David Zalubowski / AP
WASHINGTON – Johnson & Johnson asked the Food and Drug Administration Tuesday to approve additional shots of its COVID-19 vaccine as the U.S. government expands its booster campaign to include millions more vaccinated Americans.
J&J said it had filed an application with the FDA to approve booster vaccinations for people 18 and older who previously received the company’s single-use vaccine. While the company said it provided data on several different booster intervals ranging from two to six months, it did not officially recommend regulators.
Last month, the FDA approved booster shots of the Pfizer vaccine for older Americans and other groups at increased susceptibility to COVID-19. It is part of a broader effort by the Biden government to step up protection amid delta variant and potentially waning vaccine immunity.
Government advisors supported the additional Pfizer shots but were also concerned that they could cause confusion to the tens of millions of other Americans who received the Moderna and J&J shots. US officials do not recommend mixing and combining different brands of vaccine.
Americans could soon start getting boosters from J&J and Moderna
The FDA is convening its external advisory panel next week to review J&J and Moderna’s booster data. It is the first step in a review process that includes approval from the FDA and Centers for Disease Control and Prevention leadership. If both agencies give the go-ahead, Americans could get J&J and Moderna boosters later this month.
J&J previously released data suggesting that its vaccine remains highly effective against COVID-19 for at least five months after vaccination, showing 81% effectiveness against hospital stays in the United States.
But company research shows that a booster dose after either two or six months boosts immunity even further. Data released last month showed that giving a booster vaccine after two months offered 94% protection from moderate to severe COVID-19 infection. The company has not yet released clinical data on a six-month booster dose.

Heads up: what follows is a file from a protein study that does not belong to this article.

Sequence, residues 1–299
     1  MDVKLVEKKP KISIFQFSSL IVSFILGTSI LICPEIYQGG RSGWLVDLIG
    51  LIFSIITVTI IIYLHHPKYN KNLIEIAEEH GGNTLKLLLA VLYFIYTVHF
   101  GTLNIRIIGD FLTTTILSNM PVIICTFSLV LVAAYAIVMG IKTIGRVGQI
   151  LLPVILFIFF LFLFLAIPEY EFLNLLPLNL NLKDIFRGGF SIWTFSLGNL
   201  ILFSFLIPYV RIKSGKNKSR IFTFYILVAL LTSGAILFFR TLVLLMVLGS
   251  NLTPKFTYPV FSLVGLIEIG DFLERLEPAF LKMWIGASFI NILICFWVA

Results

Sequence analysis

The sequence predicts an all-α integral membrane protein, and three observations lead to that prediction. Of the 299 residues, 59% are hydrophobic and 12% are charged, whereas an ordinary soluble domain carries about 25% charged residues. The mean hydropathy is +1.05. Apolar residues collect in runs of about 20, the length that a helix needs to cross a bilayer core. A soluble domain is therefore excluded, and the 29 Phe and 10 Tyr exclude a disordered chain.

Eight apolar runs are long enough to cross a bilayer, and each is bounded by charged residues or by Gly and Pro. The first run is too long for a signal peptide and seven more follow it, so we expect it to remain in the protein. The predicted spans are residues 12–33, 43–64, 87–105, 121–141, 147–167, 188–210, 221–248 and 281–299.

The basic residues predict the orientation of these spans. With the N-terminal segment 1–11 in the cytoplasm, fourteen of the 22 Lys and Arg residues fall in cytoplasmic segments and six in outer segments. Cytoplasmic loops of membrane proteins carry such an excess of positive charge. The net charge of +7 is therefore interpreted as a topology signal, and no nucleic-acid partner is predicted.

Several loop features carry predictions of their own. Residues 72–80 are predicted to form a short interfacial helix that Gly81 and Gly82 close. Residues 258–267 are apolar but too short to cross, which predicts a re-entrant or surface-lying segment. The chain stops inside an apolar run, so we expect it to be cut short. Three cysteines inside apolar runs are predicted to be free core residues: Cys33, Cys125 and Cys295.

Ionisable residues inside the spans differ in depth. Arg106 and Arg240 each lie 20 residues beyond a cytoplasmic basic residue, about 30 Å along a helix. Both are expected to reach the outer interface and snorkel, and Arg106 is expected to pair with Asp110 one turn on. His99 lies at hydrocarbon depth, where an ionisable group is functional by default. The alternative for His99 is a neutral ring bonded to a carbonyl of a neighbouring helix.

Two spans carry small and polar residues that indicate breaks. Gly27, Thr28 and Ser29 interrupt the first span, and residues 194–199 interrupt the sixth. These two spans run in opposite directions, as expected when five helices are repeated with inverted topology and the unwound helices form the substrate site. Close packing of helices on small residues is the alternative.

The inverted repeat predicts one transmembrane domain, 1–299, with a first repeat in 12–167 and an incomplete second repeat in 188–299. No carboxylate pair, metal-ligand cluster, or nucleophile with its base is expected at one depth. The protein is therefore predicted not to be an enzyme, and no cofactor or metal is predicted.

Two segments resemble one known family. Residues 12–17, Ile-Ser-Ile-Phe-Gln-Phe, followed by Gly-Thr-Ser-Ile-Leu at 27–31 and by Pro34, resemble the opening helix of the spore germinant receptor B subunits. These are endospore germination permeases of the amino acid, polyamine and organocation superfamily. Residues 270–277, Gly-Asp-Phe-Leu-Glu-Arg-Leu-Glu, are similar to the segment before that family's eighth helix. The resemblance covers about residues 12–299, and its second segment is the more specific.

FDA advisors will review studies by the company and other researchers next Friday and vote on whether boosters are recommended.
The timing for filing the J&J filing was unusual as the FDA had already scheduled its corporate information meeting. Companies typically submit their applications well in advance of the announcement of meetings. A J&J executive said the company worked with the FDA on the review.
“Both J&J and the FDA have a sense of urgency as this is COVID and we want good data to be translated into action as soon as possible,” said Dr. Mathai Mammen, Head of Research at J & J’s Janssen Unit.
The New Brunswick, New Jersey company’s vaccine was considered an essential tool in the fight against the pandemic, as only one shot is required. However, the introduction was hampered by a number of issues, including manufacturing issues at a Baltimore factory that forced J&J to import millions of cans from overseas.
In addition, regulators have added warnings of several rare side effects to the injection, including a blood clot disorder and a neurological reaction called Guillain-Barré syndrome. In both cases, regulators decided that the benefits of the shot still outweighed these unusual risks.
Competing drug makers Pfizer and Moderna have provided the vast majority of U.S. COVID-19 vaccines. More than 170 million Americans were fully vaccinated with the company’s two-dose vaccinations, while fewer than 15 million Americans received the J&J vaccination.